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The world reflects on Rwanda genocide
Ten years after one of the most horrific genocides of the 20th century, Rwanda is still in the process of rebuilding its devastated society. UN Secretary-General Kofi Annan, meanwhile, is challenging the international community to take steps to avert any similar catastrophe anywhere in the world. On 7 April -- the anniversary of the start of the 1994 mass killings in Rwanda -- he will outline a UN plan of action to prevent genocide.
"There can be no more binding obligation for the international community than the prevention of genocide," Mr. Annan remarked this past February. "The events in Rwanda 10 years ago were especially shameful. The international community clearly had the capacity to prevent those events, but failed to summon the will. . . . We must ensure that we never again fail to summon the will."
One of the centrepieces of the plan will be appointment of a new UN special adviser on the prevention of genocide. The adviser will be mandated to collect information on situations that may lead to genocide, issue early warnings of impending disaster and make recommendations for action to the Secretary-General and the UN Security Council.
The UN action plan, which is inspired by the recommendations in 1999 of an independent commission of inquiry into the Rwanda genocide chaired by former Swedish Prime Minister Ingvar Carlsson, will involve the whole UN system. Many elements of such a plan have already been put into place, including reforms in the way the UN responds to armed conflicts.
Since the Rwanda genocide, the UN also has been more proactive in responding to massive human rights violations, which often are signs of a genocide-in-the-making. As Mr. Annan declared at an international forum in Stockholm on 26 January, "We must attack the roots of violence and genocide. These are intolerance, racism, tyranny and the dehumanizing public discourse that denies whole groups of people their dignity and rights. We must protect especially the rights of minorities, since they are genocide's most frequent targets."
100 days of horror
The Rwanda genocide began on 7 April 1994, a day after a plane carrying the presidents of Rwanda and Burundi was shot down as it prepared to land in Kigali, the Rwandan capital. Over the next 100 days, approximately 800,000 Rwandans were slaughtered. The genocide was highly organized, with top government and ruling party officials playing a direct role. Militia members, the armed forces and civilians carried out appalling atrocities, mainly against the Tutsi ethnic minority, but also against those from the Hutu majority who refused to join in the slaughter or belonged to opposition parties.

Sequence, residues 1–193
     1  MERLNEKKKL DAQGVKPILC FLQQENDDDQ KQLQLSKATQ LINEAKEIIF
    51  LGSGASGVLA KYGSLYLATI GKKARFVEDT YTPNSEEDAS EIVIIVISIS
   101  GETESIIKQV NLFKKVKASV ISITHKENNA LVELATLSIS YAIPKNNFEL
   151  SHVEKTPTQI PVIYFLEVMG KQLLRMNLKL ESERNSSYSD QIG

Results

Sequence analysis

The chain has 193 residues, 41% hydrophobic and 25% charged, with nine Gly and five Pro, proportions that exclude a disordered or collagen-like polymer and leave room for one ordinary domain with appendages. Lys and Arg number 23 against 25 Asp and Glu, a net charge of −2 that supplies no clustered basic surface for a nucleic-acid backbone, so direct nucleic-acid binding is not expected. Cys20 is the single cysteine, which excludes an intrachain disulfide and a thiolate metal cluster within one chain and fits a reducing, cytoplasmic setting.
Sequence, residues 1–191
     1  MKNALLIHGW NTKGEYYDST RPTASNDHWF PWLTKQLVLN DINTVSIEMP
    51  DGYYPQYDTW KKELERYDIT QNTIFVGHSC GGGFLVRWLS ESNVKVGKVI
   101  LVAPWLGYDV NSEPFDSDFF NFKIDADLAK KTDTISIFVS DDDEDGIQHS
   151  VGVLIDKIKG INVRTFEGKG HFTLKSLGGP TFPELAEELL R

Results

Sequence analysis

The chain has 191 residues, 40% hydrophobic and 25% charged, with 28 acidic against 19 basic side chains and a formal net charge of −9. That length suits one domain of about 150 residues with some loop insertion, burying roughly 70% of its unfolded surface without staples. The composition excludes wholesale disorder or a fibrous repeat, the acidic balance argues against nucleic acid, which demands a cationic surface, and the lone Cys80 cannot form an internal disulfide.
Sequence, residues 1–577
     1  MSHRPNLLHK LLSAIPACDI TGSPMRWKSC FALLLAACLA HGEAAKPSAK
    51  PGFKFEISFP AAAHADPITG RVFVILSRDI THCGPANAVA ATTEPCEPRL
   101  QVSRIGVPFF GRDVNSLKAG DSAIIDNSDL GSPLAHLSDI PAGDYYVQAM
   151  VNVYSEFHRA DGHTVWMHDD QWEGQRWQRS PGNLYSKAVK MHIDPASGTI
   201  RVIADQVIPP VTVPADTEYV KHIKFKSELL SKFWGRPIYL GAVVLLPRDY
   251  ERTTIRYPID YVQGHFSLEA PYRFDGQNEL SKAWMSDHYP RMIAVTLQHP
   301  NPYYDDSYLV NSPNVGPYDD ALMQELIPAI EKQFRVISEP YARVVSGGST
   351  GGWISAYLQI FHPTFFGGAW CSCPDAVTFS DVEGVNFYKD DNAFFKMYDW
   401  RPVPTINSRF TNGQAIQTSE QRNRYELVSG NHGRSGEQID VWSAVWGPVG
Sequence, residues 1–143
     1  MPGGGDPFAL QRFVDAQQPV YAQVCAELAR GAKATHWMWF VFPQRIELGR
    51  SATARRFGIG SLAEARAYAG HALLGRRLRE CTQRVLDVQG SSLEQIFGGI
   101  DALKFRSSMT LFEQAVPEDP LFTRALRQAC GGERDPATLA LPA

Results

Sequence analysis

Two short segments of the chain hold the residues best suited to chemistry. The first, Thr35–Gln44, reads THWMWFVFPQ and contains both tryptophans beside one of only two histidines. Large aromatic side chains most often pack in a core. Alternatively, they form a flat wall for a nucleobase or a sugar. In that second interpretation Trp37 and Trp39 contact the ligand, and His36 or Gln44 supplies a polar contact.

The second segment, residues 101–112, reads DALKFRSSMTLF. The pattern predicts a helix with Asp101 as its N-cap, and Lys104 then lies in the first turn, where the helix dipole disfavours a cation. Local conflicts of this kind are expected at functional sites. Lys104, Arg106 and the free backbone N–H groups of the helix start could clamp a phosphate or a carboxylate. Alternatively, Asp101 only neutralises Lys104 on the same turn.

The genocide was perpetrated in full view of the international community. A peacekeeping operation -- the UN Assistance Mission in Rwanda (UNAMIR) -- was on the ground, with about 2,000 troops, originally sent to monitor implementation of an August 1993 peace agreement between the government and rebel forces of the Uganda-based Rwanda Patriotic Front (RPF).
After the genocide began, 10 Belgian peacekeepers were killed trying to defend Prime Minister Agathe Uwilingiyimana, who also was slain. The then UN Secretary-General Boutros Boutros-Ghali approached the Security Council with three options: reinforce UNAMIR, scale it down or withdraw it entirely. The Security Council voted to reduce the force from 2,000 to 270. Only in mid-May did the Council reverse the decision and vote to dispatch some 5,500 UN troops. Few arrived before the massacres ended in July, when the Tutsi-dominated RPF took power.
The Carlsson Commission report later concluded: "The responsibility for the failings of the United Nations to prevent and stop the genocide in Rwanda lies with a number of actors, in particular the Secretary-General, the [UN] Secretariat, the Security Council, UNAMIR and the broader membership of the United Nations."
On the day the report was released, Mr. Annan -- who headed UN peacekeeping at the time of the genocide -- said: "All of us must bitterly regret that we did not do more to prevent it. . . . On behalf of the United Nations, I acknowledge this failure and express my deep remorse."
In Rwanda itself, the 10th anniversary will be an occasion to reflect on the genocide and the process of political and economic recovery over the past decade.
National reconciliation has been difficult, with some 80,000 genocide suspects still in prison awaiting trial. Many will be tried by local community tribunals known as gacaca, of which nearly 800 are functioning. Some 200 of the most serious cases of individuals accused of leading the genocide are being investigated or prosecuted by the UN's International Criminal Tribunal for Rwanda, which sits in Arusha, Tanzania.
In the city of Cyangugu, which was virtually deserted after some 50,000 Tutsi were killed there in 1994, Rwandans "now appreciate that they have to live together, work together and build their country as one," Cyangugu provincial Governor Musa Fazil Harerimana told the Swiss news agency Hirondelle. The town itself is reviving, with new schools, hotels and bustling markets. Abandoned tea and coffee plantations are approaching pre-1994 production levels.
According to International Monetary Fund data, Rwanda's economy rebounded significantly after the restoration of peace, averaging more than 15 per cent annual growth between 1995 and 1999, and 7.4 per cent in 2000-02, well above the average for sub-Saharan Africa as a whole.
"Today, Rwanda has much to show the world about confronting the legacy of the past and tackling the challenge of recovery," Secretary-General Annan has observed. "It is demonstrating that it is possible to reach beyond tragedy and rekindle hope."